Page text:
How connected medical devices and integrated mobile applications address healthcare's biggest challenges

June 19, 2017 OpenSystems Media

Because of the rapid population growth and increased lifestyle diseases, remote patient monitoring and health control have become some of the top emerging technologies for healthcare shareholders globally. As per the latest research on Internet of Things (IoT), healthcare IoT spending will grow to approximately $1 trillion per year by 2025. There will be 25 to 50 billion connected devices by 2025, and healthcare will make up a large portion of those devices.

Connected medical devices and integrated mobile applications aid in personal care and home-based diagnosis solutions, where systems have compound features, from data capture to storage to analysis to visualization. They can reduce spending on medical treatments and hospital stays by allowing the remote monitoring of patient’s health parameters, enabling doctors to diagnose patients through an integrated mobile application and provide a prescription if needed.

Real-time remote monitoring and consultation

In a real-time remote monitoring set up, connected devices collect medical and other health data and use a Wi-Fi, zigbee, or cellular network to either transfer that data to a doctor or store it in the cloud where it may be accessible to doctors, care providers, patients, and consultants.

Connected devices collect and transfer health data like vital signs, blood pressure, sugar levels, oxygen levels, weight, electrocardiograms, etc. Sometimes in the case of emergency, a patient needs initial consultation immediately. With the help of smart mobile apps, it is possible to connect with a doctor who is miles away for their expert care and the doctor can consult with a patient on-the-go when needed.

End-to-end connectivity for complete visibility and cost optimization

In a traditional healthcare set up, almost everything is manual and human-dependent, from appointments to care delivery. The use of IoT technology helps automate the entire patient care workflow. Device to device communication, information, and data transfer makes care-delivery more impactful with the use of connectivity protocols like BLE, Wi-Fi, zigbee, Z-wave and more.

A connected hospital set up automates the flow to the bar, and thus with connectivity comes complete visibility over operations. It also brings down the cost by reducing unnecessary visits, better-utilizing resources, and improving allocation and planning.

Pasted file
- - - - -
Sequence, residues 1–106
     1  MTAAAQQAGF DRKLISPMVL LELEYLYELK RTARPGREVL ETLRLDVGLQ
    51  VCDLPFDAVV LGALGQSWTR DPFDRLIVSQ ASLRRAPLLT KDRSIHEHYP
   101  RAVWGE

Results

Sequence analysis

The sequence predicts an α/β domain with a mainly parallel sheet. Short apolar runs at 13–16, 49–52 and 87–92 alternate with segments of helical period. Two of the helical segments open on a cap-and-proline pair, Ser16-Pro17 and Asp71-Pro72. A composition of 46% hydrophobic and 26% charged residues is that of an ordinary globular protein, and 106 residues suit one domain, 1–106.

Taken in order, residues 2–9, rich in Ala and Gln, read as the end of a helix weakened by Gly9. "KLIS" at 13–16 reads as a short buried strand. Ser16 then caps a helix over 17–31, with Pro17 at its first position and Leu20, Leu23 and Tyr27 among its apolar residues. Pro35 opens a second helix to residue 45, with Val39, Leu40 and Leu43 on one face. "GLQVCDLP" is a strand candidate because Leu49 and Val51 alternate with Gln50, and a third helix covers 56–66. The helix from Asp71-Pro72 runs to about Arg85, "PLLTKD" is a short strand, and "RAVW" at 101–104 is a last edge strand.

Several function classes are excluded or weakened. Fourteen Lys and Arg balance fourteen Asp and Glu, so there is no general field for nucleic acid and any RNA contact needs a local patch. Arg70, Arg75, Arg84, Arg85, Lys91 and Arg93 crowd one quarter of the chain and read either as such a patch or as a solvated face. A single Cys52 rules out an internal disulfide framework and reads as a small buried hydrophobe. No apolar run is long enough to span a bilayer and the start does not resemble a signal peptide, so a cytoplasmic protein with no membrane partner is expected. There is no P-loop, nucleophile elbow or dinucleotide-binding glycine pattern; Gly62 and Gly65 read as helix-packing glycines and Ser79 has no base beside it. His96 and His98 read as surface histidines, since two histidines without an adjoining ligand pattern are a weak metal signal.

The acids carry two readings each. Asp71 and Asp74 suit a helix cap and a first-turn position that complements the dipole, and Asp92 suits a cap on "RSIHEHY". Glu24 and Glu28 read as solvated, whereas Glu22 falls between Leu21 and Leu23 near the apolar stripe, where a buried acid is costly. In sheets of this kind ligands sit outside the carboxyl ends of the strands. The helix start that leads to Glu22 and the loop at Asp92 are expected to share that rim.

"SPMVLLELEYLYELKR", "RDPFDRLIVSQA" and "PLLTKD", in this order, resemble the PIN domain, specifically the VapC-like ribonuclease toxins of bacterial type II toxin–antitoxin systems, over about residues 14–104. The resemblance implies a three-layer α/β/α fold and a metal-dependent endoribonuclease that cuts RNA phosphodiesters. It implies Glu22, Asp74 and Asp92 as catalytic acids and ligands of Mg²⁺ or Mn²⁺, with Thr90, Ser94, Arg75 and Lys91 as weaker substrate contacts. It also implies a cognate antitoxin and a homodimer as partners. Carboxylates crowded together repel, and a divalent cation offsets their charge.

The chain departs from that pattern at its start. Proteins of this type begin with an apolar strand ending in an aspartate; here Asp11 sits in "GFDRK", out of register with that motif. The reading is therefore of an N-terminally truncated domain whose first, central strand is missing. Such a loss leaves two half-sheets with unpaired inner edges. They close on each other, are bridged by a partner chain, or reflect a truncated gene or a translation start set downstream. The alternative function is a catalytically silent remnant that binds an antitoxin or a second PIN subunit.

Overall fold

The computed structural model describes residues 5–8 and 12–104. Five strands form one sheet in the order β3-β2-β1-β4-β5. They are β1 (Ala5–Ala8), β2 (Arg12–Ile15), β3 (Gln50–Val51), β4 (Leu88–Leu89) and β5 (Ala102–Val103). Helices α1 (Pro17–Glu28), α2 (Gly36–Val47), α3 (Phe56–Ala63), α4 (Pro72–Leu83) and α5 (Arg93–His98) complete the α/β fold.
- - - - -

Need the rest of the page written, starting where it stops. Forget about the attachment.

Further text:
Data collection and analysis

Real-time health data collection can be a mind-numbing task if there is no connectivity. One must transfer that data to other devices and analyze it manually. In the case of a connected arrangement, devices collect vital signs and other medical metrics on a real-time basis and transfer the same. With cloud deployment, concerns can acquire these data from any devices and connected smart applications. The smart application also performs analysis and gives insightful inputs.

Continuous data collection and analysis improves disease management with access to real-time data analysis and enhances overall patient’s outcome. Healthcare analytics can provide excellent details to inform decision making with minimal error compared to a human-centric approach.

Use case

Envision a commercial establishment – a restaurant chain, hotel chain, college, university, or large day care center – that must accommodate food allergies and the possible onset of anaphylaxis. A portable medical unit could be placed on the premises so that when an anaphylactic event happens in one of these locations, any available person would open the unit, whereby the unit would automatically link to a network physician who would be connected via audio to that location. The physician would then listen to a description of symptoms, talk to the patient if possible, make a diagnosis, and prescribe a medicine. With this portable device, there would be another dispensing machine that will contain medicines for common allergies. Based on the doctor’s prescription, a command would be sent to dispensing device and it would dispense the appropriate medicine to the patient.

A similar solution was created in a recent case study at VOLANSYS, where a healthcare client developed a compact and battery operated respiratory attack monitoring and management device that provides various information of the patient to the physician over a mobile application that can communicate with respiratory detection device.

Purva Shah is a Marketing Executive, at VOLANSYS TECHNOLOGIES.

Purva Shah, VOLANSYS TECHNOLOGIES
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